When death approaches, what does it mean to “play God”? Usually “playing God” is used as a pejorative critique of a choice to take more authority than is any human’s to take. Usually the emotive expression “playing God” occurs when a physician or scientist intervenes in “natural” processes. The line may be difficult to draw.

An Associated Press story of Jan. 28, 2003, from Atlanta reported this sad story. A woman who admitted fatally shooting her two terminally ill sons will avoid murder charges by pleading guilty to breaking Georgia’s little-used assisted suicide law.

Under the plea agreement, Carol Carr, 63, will be sentenced to five years in prison, defense attorney Lee Sexton said. “What she did was illegal, but also what she did was moral—she stopped the suffering of these children,” Sexton said.

Carr had faced two counts of felony murder and two counts of malice murder for killing Michael Scott, 42, and Andy Scott, 41, on June 8 in a nursing home in Griffin. Both men suffered from Huntington’s disease, a degenerative nerve disorder that causes involuntary body movement, dementia and death. Their father, Carr’s first husband, died of the disease. Carr’s surviving son, James Scott, 38, also suffers from the disease.

Does Ms. Carr’s defense attorney’s claim of “what she did was moral” ring true for you? Maybe you find her method unsavory, but you find her intent reasonable. If so, then euthanasia is not a form of “playing God.” If not, then euthanasia is a form of “playing God.” The first is an act of controlling biological processes while the second refuses to intervene in biological processes.

What if this distressed mother had taken the legal course? She would have allowed her sons’ conditions to deteriorate (under the best medical care) and insisted that every mechanical and pharmaceutical intervention available be used to keep them “alive” as long as possible? What would be your judgment about her morality?

Many people find themselves changing their position on “playing God” at this point. Those who critiqued the first story as “playing God” for hastening the biological process of dying, now affirm the correctness of intervening in the biological process to resist inevitable death.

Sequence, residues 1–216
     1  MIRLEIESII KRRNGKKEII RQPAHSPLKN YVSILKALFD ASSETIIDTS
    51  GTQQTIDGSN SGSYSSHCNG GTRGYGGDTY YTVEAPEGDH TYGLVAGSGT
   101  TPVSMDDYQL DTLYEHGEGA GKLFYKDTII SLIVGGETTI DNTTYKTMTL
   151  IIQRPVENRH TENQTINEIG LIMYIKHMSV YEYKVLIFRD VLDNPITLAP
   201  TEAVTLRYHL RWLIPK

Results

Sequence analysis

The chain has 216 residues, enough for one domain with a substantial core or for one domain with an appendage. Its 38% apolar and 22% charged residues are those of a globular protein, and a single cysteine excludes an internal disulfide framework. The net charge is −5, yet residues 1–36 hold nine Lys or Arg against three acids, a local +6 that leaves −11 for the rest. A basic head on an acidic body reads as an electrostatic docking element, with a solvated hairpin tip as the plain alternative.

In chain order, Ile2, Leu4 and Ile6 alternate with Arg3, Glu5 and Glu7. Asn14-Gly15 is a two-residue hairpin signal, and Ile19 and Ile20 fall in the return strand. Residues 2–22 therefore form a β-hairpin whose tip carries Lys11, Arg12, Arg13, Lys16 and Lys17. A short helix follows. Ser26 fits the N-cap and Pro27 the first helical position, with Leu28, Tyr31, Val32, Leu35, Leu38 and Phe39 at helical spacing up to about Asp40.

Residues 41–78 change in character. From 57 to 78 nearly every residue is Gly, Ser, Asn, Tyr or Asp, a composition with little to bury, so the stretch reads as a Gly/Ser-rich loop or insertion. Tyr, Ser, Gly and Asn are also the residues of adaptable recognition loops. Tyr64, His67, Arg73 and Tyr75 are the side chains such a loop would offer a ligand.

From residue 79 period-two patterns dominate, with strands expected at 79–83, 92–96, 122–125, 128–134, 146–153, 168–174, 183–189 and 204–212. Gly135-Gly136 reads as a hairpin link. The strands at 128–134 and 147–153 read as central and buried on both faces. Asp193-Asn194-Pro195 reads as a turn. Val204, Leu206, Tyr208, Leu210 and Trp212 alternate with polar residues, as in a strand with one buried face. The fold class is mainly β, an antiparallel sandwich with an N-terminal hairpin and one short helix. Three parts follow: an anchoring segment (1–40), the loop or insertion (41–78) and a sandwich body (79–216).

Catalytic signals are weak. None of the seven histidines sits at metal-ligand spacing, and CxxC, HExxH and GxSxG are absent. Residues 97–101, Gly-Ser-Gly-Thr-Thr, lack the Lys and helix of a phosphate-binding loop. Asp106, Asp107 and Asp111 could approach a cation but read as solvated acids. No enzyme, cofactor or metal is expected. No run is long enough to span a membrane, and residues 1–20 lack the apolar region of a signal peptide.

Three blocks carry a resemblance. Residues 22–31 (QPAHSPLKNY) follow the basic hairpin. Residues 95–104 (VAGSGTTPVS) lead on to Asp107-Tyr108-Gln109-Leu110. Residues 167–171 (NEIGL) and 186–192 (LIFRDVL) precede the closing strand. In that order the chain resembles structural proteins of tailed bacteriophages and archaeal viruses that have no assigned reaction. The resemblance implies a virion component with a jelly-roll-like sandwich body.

Given the facts that humans are mortal and thus will die, and that we are broken and thus will sin, is the phrase “playing God” useful for any ethical discourse? If the dominant meaning of the phrase is “intervening in biological processes beyond the human limit,” is there a line that we can delimit? While it is a powerfully provocative emotional expression, I suggest that it has no moral meaning.

During the dying process (whatever that means) medical interventions are both an act of hubris and an act of moral necessity. Choices to intervene or not intervene in biological processes must be made. Given the power that modern medical technology places at the disposal of people dedicated to healing, it is not possible for them to avoid playing God.

Medicine now intervenes in biological processes from conception to death. We have also chosen not to intervene in processes within our power to act. Either way, it is human power and human knowledge at work. Unless one wishes to claim that the scientific method unlocks God’s secrets and the habits of medical practitioners unveil the intentions of God, we do not “play God” to choose to intervene or to refrain from intervening. Those are simply human choices made in fear and trembling at the cusp of finitude and brokenness.

Thus, modern medicine is pushing another realm in which we are required as moral agents to “play with God.” Choices to fight death or to allow death are simply human choices that require thoughtful and prayerful consideration. We dare not place our spiritual and emotional language only on the side of heroic interventions as death approaches. Likewise, we dare not place this language only on the side of passive acceptance of biological processes, to say nothing of the possibility of hastening the inevitable.

How do we understand our responsibility for caring for the suffering when death is eminent? Is the primary responsibility to relieve their pain and comfort their suffering? Or, is our responsibility to fight death to the end?

Death is not always the worst event that can happen to a person. God is not always on the side of prolonging biological existence, but sometimes is.

Are patients, families, physicians and nurses confronted with the experience of “playing God”?  Certainly. But a deeper ethical and theological assessment leads to the conclusion that they are simply being asked to make difficult and sometimes tragic choices that are given to humans to make.

Steve Ivy is vice president for values, ethics, social responsibility, and pastoral services of Clarian Health Partners in Indianapolis, Ind.

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